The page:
‘Keep both farmers and commuters safe’

Agriculture Safety Week encourages everyone to respect their role




SaltWire Network


Front Page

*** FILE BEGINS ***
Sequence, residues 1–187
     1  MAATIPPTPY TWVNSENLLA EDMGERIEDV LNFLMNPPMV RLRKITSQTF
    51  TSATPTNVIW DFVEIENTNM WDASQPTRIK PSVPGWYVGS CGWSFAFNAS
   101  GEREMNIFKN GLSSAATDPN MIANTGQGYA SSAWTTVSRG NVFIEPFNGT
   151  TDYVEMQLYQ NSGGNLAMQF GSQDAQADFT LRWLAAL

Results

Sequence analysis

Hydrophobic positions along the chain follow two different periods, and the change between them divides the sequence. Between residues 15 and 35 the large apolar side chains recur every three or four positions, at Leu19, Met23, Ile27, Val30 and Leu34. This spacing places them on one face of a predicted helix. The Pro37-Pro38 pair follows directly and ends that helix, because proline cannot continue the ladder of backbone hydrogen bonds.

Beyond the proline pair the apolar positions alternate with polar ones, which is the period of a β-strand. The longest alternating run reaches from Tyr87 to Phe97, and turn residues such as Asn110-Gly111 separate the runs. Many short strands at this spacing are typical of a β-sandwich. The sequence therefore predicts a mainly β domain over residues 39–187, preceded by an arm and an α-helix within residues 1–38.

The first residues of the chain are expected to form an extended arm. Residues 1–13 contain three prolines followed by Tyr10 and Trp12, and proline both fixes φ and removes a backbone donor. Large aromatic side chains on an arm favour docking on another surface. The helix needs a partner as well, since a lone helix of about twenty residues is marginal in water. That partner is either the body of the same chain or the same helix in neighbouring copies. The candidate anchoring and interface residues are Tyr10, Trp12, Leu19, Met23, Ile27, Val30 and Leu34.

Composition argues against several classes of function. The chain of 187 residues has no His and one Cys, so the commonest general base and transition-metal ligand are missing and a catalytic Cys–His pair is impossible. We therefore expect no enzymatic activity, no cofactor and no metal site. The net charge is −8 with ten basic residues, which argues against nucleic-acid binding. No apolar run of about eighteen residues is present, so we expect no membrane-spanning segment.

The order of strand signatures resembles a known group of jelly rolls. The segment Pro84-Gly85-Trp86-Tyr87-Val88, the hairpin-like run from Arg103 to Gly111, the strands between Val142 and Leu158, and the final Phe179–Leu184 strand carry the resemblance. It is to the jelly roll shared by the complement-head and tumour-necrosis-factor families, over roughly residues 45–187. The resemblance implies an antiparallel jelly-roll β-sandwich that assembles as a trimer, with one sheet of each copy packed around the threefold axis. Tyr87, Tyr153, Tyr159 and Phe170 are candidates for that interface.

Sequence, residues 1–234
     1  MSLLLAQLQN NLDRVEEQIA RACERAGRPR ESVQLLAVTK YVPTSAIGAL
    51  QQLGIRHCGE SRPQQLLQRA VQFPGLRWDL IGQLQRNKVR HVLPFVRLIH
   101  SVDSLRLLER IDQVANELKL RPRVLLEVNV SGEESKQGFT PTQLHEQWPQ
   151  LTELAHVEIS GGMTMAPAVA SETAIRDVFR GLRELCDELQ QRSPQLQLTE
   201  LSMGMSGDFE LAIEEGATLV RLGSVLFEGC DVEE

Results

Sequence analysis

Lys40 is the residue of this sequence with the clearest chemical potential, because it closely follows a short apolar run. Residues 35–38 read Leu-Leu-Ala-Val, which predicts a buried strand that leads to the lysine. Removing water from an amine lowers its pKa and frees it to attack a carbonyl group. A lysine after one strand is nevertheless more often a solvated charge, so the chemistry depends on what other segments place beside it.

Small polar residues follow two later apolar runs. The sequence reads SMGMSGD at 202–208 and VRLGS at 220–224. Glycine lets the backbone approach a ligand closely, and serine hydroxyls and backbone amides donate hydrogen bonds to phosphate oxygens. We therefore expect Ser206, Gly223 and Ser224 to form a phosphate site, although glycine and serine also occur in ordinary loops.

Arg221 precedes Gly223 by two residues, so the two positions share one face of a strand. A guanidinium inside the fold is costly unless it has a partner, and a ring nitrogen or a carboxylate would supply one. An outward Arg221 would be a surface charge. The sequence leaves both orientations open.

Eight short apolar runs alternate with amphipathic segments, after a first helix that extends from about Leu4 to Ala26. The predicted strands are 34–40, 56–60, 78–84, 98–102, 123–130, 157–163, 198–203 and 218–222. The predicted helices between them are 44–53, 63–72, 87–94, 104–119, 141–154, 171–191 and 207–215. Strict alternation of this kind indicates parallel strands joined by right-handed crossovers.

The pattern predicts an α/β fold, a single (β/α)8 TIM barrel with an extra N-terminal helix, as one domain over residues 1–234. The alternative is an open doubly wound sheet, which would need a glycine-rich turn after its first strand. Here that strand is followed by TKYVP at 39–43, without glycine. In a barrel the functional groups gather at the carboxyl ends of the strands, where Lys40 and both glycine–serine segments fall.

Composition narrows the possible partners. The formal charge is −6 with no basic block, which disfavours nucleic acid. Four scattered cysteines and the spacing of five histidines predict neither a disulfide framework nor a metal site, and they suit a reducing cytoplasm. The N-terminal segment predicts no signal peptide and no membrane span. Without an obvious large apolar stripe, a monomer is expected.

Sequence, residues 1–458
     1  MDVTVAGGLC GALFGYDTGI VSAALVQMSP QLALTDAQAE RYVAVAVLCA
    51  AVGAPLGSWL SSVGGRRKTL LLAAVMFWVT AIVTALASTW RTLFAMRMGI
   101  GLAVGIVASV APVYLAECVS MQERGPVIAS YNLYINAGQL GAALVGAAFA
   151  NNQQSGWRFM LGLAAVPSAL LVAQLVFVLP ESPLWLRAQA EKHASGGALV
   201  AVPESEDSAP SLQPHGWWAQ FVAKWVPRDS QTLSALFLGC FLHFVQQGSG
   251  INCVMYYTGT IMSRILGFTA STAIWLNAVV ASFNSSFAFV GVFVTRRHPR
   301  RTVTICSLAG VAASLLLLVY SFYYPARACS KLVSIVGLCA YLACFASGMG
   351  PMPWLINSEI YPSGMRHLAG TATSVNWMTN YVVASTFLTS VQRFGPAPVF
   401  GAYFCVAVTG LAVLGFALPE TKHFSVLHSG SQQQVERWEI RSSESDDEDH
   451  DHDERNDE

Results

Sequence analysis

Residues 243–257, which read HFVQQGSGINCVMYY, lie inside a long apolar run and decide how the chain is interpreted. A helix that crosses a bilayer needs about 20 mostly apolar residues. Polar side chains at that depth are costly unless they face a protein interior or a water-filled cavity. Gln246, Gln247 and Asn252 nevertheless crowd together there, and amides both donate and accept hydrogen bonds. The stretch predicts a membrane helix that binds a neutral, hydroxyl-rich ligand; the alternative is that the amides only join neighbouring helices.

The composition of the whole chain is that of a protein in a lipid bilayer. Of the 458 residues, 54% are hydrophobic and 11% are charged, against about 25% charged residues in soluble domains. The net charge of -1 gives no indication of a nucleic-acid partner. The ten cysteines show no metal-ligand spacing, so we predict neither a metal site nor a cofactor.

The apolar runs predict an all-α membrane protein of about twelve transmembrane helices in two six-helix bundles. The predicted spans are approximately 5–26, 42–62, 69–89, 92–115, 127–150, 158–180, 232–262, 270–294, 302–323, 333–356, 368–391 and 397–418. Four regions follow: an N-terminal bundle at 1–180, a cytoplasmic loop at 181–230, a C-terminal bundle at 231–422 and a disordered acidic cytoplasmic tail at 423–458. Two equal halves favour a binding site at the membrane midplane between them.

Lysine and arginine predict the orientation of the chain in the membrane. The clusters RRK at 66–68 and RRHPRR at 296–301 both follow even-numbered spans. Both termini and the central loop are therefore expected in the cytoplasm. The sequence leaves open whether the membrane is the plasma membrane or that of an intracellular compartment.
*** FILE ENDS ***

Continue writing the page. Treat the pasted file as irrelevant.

Farming has always been among the most dangerous of professions. Farmers operate heavy equipment, work alongside large animals that can be unpredictable, and handle a range of hazardous materials. “Nova Scotia is very diverse in terms of what we produce here,” says Katie Keddy, president of Farm Safety Nova Scotia. “So, every farm has its own unique risks.” Established in 2010, Farm Safety Nova Scotia is a notfor-profit organization that works with the agricultural sector to keep farmers, their families and employees safe. “The over-arching goal is to ensure that every decision on our farms is made first and foremost with safety in mind,” Keddy says. “We also work to make the public aware of the risks involved in the industry.” Along with the rest of Canada, Farm Safety Nova Scotia is observing Canadian Agriculture Safety Week from March 12 to March 18. One of the major issues, particularly during the busy planting and harvest seasons, is road and highway safety. A big part of the mission at Farm Safety Nova Scotia is ensuring motorists and farm equipment operators share the road safely. “Safety is a two-way street,” Keddy says. “Every farmer has a story about somebody trying to pass on a blind hill or on a turn.” Farm equipment operators have a responsibility to ensure loads are properly secured, to display required signage and to follow the rules of the road. Motorists are asked to show patience and common sense when driving behind a farm vehicle, and to remember most farm vehicles are only on the road for a short period of time between fields and farms. Farm Safety Nova Scotia’s One Road Safety Campaign emphasizes the shared responsibility for road safety among operators of farm equipment and the driving public. “The objective is to keep both farmers and commuters safe while on the road,” Keddy says. Planning is a critical part of ensuring a safe working environment. Farmers are encouraged to develop a farm safety plan that involves identifying risks and hazards, as well as the necessary steps to control those hazards. Farm Safety Nova Scotia provides information on who is responsible for what, and what actions need to be taken on specific issues. These range from health and safety meetings with employees and family members to workplace hazardous materials and personal protective equipment. “This plan is something every farm should have,” Keddy says. “It’s your standing operating procedure for your farm.” Safety is not restricted to the physical realm. Farmers are not immune to the stresses of modern life, and so in recent years, Farm Safety Nova Scotia has been placing an increased emphasis on mental health issues. “We provide seminars, discussion and training on a regular basis,” Keddy says. “This is something that has affected many generations of farmers but has really been brought to light since the pandemic.” The profession of farming continues to change and evolve. As the machinery, practices and protocols change, so too must the approach to safety, Keddy says. “We want to make sure that everyone can go home safely to their families at the end of the day.”